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The impacts of the younger dryas period on plant and animal food resources of the ancient natufian culture and the economy

Ferah, Egemen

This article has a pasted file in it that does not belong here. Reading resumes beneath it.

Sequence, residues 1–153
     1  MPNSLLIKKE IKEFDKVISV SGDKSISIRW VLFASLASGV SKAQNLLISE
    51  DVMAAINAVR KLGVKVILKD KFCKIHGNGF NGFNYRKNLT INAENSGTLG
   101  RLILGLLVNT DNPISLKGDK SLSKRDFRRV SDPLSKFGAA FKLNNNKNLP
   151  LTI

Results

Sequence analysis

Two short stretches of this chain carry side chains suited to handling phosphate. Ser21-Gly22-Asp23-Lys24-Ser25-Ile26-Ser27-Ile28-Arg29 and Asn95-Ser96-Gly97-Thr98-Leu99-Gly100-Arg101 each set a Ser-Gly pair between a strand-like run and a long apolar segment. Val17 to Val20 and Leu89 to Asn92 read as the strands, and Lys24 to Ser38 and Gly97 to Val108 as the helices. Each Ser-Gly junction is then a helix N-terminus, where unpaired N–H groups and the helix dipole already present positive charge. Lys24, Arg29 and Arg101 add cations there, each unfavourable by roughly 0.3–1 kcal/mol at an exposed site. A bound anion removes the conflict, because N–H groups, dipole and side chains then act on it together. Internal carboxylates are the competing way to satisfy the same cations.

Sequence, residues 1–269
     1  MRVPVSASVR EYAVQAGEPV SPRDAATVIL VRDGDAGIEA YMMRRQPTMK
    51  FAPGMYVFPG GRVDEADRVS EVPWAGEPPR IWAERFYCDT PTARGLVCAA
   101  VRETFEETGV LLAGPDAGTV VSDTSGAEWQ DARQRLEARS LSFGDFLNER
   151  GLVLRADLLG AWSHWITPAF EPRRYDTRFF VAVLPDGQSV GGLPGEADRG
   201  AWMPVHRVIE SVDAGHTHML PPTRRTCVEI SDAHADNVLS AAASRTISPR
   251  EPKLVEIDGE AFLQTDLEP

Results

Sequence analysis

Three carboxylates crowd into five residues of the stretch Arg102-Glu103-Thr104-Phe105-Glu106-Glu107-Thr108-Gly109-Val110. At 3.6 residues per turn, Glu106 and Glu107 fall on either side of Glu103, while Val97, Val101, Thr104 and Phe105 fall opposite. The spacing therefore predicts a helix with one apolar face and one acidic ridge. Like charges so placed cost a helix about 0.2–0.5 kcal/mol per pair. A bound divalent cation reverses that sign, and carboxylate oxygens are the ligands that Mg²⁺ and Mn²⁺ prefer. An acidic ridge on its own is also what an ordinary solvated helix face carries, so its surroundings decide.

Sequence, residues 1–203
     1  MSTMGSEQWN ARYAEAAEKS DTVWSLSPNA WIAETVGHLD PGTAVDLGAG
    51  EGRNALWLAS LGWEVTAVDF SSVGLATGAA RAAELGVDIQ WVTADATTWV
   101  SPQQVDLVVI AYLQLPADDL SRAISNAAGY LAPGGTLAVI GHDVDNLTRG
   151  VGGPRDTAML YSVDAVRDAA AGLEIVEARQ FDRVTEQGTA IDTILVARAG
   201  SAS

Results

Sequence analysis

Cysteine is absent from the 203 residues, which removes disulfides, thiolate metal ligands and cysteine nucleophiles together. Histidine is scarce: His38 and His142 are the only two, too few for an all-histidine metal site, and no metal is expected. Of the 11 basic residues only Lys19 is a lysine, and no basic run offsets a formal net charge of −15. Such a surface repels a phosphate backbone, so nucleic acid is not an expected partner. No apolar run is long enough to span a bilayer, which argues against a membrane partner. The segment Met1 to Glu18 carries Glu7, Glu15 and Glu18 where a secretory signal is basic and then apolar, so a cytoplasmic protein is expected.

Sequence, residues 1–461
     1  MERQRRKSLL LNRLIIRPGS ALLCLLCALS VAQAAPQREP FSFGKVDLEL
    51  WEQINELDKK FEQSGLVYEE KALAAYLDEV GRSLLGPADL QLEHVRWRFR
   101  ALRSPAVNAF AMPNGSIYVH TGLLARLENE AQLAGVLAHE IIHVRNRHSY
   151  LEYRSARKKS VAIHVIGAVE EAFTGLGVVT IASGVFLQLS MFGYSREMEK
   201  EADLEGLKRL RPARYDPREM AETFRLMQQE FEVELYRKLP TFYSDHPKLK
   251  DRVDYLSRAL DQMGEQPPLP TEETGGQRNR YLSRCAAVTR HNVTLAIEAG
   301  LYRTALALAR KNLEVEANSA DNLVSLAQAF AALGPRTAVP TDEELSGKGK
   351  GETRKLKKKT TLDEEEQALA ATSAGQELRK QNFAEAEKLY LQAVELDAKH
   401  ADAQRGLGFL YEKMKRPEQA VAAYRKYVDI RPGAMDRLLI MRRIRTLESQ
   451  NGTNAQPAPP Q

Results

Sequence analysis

This masters thesis investigates the environmental/climatic change that is thought to have brought about the economic shift and transition from Palaeolithic economic system of hunting gathering to Neolithic economic system of agriculture and domestication period around 11.000-10.000 years ago. This study uses the collected animal and plant data of the Natufian culture in the Levant region from the previous zooarchaeological and archaeobotanical literature anlyses. It shows a significant mathematical difference in the zooarchaeological assemblage measures between the Early and Late Natufian sites by calculating Economic value parameters of the Early and the Late Natufian sites, a comparison analysis was made in terms of percentage frequencies of animals site by site and between early-late periods. The result shows a significant animal food supply decrease and change-shift shown during the Younger Dryas climatic crisis times of the whole Late Natufian period sites total and early to late site by site individually, compared to whole Early Natufian period sites. It shows there is a possibility that some big-base camp Late Natufian occupation sites were better able to create coping mechanisms against food crisis/food shortage and more successfully than other Late Natufian sites during the climatic food crisis period. It shows supporting with the animal-plant data and changes in the human bones, burial practices, human teeth, diet changes and anthropological studies evidence, a big social-economic-cultural change and a huge food crisis was highly possible and humans highly possibly lived an economic crisis and an highly connected-related social-cultural crisis during the Younger Dryas in the Late Natufian times human societies.